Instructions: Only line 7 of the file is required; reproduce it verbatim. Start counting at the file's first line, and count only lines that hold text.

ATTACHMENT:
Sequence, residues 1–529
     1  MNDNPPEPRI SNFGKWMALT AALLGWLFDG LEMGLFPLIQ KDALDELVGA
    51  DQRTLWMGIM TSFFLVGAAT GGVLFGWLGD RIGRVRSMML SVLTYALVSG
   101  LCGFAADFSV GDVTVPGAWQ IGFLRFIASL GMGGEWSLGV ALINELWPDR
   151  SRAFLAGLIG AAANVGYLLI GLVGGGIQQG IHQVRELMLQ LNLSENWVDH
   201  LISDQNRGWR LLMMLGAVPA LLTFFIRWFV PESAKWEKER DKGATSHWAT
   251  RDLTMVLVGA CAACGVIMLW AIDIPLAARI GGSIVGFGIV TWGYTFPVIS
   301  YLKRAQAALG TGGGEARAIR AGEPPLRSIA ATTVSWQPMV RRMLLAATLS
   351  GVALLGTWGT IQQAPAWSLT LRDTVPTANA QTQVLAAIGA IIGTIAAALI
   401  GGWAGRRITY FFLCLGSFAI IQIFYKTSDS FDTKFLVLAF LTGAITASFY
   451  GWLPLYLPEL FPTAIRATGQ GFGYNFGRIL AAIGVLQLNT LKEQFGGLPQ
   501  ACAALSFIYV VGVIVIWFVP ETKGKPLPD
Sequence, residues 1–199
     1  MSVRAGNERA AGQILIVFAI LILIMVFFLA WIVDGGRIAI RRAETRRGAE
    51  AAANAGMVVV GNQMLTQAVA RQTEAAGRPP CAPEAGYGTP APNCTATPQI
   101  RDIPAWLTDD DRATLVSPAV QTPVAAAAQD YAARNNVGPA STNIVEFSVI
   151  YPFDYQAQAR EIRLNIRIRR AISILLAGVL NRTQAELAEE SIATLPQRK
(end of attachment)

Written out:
   251  RDLTMVLVGA CAACGVIMLW AIDIPLAARI GGSIVGFGIV TWGYTFPVIS